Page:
This morning, Ivan Kwan reminded Toddycats on our LINE chat to be careful when picking up trash. Our shores are host to venemous animals and they can be nestled anywhere. Coastal cleanup veterans Quek Kiah Shen and Amy Choong responded with memories not of animals but of “sharps and needles” and syringes in Buloh and Lim Chu Kang mangroves in the north-west of Singapore.
Typically during September’s International Coastal Cleanup, volunteers remove 30 –150 syringes a year, but these are mostly from our recreational beaches at East Coast Park and Changi and not from mangroves. Around the world, cleanup organisers warn participants to be careful at beaches, because of the recreational drug users who litter. Even if syringes are empty and washed out so not a hygiene threat, briefings emphasise safe handling and disposal.
However, we are finding instances of numerous syringes in bags, on our north-western shores. These we suspect were dumped offshore. In 2014, this was highlighted at the pre-National Day mangrove cleanup at Lim Chu Kang, where we found, sitting on the shore, a bag of hypodermic needles.
A bag of hypodermic needles on Lim Chu Kang by Chua Li Shan (2011)
Ria elaborated about the larger issue of indiscriminate trash disposal and the presence of numerous offshore fish farms in the Johor Straits. The trash causes a lot of impact to ecosystems, and costs a lot of money to cleanup. Addressing the issue at the source would be great way to prevent senseless damage – read her post which summarises the issue.
Finding a bloody syringe, though, is uncommon, In 2011, Kate Thome reported one from a cleanup at Kranji mangrove. It was rare enough for the ICCS founder leading that cleanup to send me this photograph below. Years of earnest, pre-cleanup safety briefings was put to the test!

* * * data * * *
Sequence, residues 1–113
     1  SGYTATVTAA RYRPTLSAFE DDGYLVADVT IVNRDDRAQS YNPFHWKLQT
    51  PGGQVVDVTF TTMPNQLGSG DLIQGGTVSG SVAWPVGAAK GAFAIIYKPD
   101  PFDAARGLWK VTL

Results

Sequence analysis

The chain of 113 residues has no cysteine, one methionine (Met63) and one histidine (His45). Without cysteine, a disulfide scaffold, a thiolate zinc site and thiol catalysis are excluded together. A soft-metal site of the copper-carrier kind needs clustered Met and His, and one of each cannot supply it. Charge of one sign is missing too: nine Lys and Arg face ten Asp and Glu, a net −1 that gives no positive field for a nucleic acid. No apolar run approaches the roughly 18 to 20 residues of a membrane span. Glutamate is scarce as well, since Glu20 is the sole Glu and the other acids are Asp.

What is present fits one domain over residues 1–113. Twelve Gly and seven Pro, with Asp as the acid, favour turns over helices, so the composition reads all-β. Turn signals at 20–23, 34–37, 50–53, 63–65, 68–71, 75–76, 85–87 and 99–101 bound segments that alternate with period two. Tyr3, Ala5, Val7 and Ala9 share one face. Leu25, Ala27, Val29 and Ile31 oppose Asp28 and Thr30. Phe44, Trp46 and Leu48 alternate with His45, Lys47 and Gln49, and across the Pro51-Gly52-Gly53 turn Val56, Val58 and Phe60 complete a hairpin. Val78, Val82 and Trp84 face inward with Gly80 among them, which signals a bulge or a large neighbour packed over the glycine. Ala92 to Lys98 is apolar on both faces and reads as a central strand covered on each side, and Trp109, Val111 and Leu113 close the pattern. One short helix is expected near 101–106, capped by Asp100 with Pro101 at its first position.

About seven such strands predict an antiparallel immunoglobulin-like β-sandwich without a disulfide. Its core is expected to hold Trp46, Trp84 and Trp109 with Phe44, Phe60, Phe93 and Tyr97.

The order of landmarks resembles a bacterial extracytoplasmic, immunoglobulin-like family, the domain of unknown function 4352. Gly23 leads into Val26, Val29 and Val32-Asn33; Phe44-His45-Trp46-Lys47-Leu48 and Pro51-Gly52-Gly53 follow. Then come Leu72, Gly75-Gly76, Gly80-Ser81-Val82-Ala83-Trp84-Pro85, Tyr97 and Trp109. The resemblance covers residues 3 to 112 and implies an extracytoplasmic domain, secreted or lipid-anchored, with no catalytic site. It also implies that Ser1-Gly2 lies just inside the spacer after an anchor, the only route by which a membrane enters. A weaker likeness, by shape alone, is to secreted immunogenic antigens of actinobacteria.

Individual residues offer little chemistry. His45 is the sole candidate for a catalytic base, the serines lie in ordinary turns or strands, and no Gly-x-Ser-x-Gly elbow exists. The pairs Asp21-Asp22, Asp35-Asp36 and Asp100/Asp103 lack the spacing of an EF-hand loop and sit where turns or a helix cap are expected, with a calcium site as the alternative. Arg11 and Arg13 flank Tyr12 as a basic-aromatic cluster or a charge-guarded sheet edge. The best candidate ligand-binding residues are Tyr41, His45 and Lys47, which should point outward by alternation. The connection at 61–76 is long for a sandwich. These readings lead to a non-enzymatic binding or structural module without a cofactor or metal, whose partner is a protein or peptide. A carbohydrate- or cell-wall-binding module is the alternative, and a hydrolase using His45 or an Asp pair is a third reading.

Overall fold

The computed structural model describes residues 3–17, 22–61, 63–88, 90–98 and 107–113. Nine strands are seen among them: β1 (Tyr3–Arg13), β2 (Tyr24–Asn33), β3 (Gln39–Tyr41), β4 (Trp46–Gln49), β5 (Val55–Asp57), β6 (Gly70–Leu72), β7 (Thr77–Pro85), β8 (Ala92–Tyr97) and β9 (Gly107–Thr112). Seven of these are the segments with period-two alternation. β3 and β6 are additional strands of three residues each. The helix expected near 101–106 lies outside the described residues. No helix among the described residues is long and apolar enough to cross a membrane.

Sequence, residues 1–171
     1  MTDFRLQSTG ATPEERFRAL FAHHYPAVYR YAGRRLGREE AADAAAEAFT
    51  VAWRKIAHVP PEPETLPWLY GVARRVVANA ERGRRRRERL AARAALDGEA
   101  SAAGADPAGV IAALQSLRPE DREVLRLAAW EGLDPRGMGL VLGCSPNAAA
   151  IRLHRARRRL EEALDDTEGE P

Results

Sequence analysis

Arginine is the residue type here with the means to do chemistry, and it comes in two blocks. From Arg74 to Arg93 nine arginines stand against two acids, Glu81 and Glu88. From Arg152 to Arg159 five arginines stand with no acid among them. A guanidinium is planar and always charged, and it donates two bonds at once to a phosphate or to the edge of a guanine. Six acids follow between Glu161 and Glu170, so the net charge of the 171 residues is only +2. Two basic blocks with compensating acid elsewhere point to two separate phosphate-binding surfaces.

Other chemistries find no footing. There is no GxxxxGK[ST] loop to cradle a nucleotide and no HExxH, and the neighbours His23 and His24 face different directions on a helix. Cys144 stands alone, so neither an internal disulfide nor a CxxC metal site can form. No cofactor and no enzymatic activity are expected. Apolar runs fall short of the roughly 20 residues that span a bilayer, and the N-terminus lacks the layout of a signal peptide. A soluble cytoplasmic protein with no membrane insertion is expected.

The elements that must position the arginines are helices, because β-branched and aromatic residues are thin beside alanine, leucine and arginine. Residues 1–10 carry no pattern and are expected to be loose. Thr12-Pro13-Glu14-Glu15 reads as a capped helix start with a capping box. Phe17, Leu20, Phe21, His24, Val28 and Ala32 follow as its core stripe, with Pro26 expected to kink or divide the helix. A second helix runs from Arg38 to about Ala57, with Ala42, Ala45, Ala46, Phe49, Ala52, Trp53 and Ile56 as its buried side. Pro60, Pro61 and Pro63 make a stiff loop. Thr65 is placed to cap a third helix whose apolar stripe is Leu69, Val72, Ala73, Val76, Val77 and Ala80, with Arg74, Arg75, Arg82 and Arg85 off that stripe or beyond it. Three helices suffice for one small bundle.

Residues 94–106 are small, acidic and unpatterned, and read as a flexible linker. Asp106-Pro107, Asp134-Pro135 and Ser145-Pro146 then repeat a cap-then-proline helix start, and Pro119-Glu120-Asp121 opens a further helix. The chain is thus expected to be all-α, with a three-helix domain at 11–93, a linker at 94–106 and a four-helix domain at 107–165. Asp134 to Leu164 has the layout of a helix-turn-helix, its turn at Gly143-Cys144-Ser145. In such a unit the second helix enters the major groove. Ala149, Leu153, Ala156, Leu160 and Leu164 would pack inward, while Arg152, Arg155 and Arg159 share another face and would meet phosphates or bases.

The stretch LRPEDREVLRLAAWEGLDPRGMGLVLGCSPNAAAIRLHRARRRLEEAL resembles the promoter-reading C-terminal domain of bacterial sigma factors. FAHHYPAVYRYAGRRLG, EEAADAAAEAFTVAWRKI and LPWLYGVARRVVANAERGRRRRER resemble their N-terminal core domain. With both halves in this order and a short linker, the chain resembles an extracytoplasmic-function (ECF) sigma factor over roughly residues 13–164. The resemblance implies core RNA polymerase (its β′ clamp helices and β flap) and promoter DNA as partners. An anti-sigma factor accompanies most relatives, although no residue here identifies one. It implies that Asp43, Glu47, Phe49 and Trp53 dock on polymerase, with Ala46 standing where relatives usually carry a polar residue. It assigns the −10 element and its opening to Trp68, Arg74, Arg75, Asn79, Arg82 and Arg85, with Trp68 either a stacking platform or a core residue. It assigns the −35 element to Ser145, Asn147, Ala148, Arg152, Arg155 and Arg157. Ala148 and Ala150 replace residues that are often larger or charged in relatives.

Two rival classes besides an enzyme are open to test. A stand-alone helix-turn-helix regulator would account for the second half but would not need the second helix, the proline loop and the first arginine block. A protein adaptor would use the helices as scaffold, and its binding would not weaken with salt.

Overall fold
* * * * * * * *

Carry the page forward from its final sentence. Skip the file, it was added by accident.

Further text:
The bloody syringe at Kranji mangrove by Kate Thome (2011)
Well, the safety preparedness paid off for the students who found the syringe calmly kept a distance and called an adult over. It was photographed and disposed in hard plastic, so that no garbage worker would be accidentally pricked on its way to incineration.
I tweeted that image and reporters Jalelah Abu Baker and Kimberly Spykerman picked up the news and wrote an interesting story for a general audience. We circulated it to Organisers as a reminder to be prepared and vigilant.
Registration for Organisers for September’s data gathering International Coastal Cleanup has begun. As coordinators prepare Organisers, we suggest they adopt ICCS’ “Advice for Participants” and by circulating the pdf early and covering the points during the on-site briefing, just before their cleanups begin.
Just like we will do so at Operation We Cleanup Up on Sunday 8th May 2016.
The Advice for Participants can be read off a handphone, and include these statements, which have been made more explicit over the years:
- Place your feet carefully on the ground – beware of broken glass, fishing hooks, syringes and other sharp objects which may be present on beaches. Fish such as stingrays and catfish have sharp spines.
- Examine items carefully before picking them up – sharp objects can pierce your gloves.
- Do not use your feet to kick or feel objects.
- Dispose of glass and sharps (e.g. syringes) responsibly – pad them well with numerous empty plastic bottles and dispose these separately in canvas trash bags – workers who transport trash bags later to waste incineration sites must be protected from accidents. Alert your Organiser.
In the months leading to the cleanup, we will emphasise safety above all else. We tell Organisers every year that it doesn’t matter if they mess up data collection, or report late, or forget to take photos, or are unable to eliminate the trash (there are other cleanups), the first rule of coastal cleanups is and has always been – be safe!